Cybersecurity around the World

Cybersecurity around the World

Hackers have no boundaries. Through phishing scams and ransom ware there are many opportunities for a cybercrime to happen anywhere in the world. While the news of American cybercrimes seem to be in the headlines every day, we don’t hear so much about places in other countries and how they are combating these high-tech information heists.

Recently, hackers used a crucial messaging system to stage one of the biggest data breaches in history. The criminals targeted Bangladesh’s central bank, and used the SWIFT payment system to the transfer of pounds to accounts everywhere. Although some accounts were blocked, they were still about to shift money to accounts in the Philippines and Singapore. SWIFT is used by about 11,000 banking groups across the globe to send payment orders.

Now, Singapore central banks are asking for a higher level of security for their IT systems following SWIFT breach.

The Monetary Authority of Singapore “expects financial institutions to implement strong controls in their IT systems as set out in the MAS Technology Risk Management Guidelines,” a spokeswoman said in response to media queries.

Singapore’s MAS would continue to monitor the security landscape and threats faced by the financial industry and provide guidance where necessary.

As a result of the attacks the Philippines’ central bank is crafting more regulations to help banks and other financial institutions fend off cyber heists and minimize damage after any systems breach.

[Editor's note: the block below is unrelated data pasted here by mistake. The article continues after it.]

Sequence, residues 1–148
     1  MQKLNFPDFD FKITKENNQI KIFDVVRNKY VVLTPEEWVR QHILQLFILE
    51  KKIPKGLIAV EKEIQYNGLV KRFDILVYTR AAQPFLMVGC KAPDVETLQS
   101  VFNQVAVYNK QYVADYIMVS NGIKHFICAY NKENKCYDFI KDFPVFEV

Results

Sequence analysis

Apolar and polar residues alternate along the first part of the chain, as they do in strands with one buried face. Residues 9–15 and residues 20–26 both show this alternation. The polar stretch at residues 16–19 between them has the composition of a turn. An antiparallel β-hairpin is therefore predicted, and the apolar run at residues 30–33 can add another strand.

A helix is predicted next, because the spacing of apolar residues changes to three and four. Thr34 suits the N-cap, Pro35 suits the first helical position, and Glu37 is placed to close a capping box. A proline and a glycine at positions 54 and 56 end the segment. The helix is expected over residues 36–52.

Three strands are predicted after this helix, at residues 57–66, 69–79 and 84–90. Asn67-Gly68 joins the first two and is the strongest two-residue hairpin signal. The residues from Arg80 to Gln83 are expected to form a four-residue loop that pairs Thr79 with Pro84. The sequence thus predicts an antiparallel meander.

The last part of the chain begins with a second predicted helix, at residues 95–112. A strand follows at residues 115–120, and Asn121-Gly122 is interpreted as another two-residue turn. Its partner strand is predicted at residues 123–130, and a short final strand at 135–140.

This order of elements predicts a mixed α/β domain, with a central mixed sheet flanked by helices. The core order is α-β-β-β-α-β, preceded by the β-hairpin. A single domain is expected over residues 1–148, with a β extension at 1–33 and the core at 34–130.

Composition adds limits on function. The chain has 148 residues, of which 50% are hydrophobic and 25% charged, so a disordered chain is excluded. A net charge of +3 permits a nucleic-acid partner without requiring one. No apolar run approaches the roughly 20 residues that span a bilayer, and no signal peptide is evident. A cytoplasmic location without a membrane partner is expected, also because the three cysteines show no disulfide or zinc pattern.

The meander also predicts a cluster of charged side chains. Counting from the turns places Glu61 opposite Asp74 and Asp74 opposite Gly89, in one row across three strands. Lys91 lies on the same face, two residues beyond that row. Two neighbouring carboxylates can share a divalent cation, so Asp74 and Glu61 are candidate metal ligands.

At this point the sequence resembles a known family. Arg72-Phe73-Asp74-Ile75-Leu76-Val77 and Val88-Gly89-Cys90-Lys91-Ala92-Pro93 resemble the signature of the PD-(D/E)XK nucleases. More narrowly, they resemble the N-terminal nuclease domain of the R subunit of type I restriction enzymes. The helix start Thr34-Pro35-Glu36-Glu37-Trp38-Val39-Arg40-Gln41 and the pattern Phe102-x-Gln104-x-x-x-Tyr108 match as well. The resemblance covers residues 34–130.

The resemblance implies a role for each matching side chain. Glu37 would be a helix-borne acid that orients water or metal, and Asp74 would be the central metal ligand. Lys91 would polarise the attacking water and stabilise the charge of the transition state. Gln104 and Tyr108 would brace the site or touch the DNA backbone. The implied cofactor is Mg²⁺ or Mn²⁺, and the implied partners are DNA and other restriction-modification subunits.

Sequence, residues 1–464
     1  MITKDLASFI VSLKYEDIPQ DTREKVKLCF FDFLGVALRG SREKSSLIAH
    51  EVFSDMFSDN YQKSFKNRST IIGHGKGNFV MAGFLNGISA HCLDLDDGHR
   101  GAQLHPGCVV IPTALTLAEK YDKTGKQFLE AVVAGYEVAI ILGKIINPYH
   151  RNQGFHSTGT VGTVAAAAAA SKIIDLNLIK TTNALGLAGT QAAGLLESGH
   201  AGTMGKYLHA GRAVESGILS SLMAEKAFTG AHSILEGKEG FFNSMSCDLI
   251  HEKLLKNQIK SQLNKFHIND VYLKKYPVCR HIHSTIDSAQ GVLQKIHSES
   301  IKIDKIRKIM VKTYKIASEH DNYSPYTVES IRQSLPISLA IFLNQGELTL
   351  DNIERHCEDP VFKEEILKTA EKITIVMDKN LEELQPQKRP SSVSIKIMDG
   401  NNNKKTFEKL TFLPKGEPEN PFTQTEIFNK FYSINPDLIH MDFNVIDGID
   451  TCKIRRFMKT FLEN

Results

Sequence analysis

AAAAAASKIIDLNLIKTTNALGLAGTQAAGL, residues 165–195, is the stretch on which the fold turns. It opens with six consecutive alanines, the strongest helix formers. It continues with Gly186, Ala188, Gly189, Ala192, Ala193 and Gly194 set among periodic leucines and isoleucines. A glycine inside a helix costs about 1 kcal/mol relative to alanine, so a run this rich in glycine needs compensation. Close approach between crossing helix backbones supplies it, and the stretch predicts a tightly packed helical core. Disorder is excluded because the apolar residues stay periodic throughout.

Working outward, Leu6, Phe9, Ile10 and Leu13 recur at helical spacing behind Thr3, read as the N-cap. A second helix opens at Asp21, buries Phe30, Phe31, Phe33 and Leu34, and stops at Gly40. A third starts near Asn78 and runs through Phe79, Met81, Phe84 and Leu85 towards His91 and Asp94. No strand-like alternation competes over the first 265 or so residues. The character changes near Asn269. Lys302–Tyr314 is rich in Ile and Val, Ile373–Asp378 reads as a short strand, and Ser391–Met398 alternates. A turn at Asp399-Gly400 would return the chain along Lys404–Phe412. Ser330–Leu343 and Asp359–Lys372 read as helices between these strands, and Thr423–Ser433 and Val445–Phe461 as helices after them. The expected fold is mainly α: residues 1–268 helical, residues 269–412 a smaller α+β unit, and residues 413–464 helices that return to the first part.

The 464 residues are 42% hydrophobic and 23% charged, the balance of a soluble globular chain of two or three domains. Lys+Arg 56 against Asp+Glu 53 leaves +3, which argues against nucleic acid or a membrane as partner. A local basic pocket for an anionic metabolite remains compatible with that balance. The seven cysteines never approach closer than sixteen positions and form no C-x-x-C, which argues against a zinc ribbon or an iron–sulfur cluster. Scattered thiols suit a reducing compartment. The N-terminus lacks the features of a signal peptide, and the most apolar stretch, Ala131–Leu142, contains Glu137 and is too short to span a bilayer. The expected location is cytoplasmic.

Nestor Espenilla, the Philippines’ central bank deputy governor in charge of banking supervision, said cyber threats were growing. Due to the increase in threats, Espenilla explained that they must stay vigilant and not become complacent with current systems.

Regulators were looking at requiring banks to immediately report cybercrime to contain the treat and to ensure financial institutions learn from each other, Espenilla said. Additional measures would elevate information technology standards of banks to align them with international norms.

British banks have been warned that they must improve their security after the SWIFT attacks. Due to aging software, the banks have become easy to break into. Dan Hooper, co-founder of The Piccadilly Group banking software form explains the problem as a race between banks and cyber criminals to find the cracks in the systems.

“Once they get to work, criminals may have access to sensitive data that can be exploited for financial gain.” Hooper said. “Organizations at risk of financial crime must seriously review and consider their options now.”

About the Author

Sydny Shepard is the Executive Editor of Campus Security & Life Safety.


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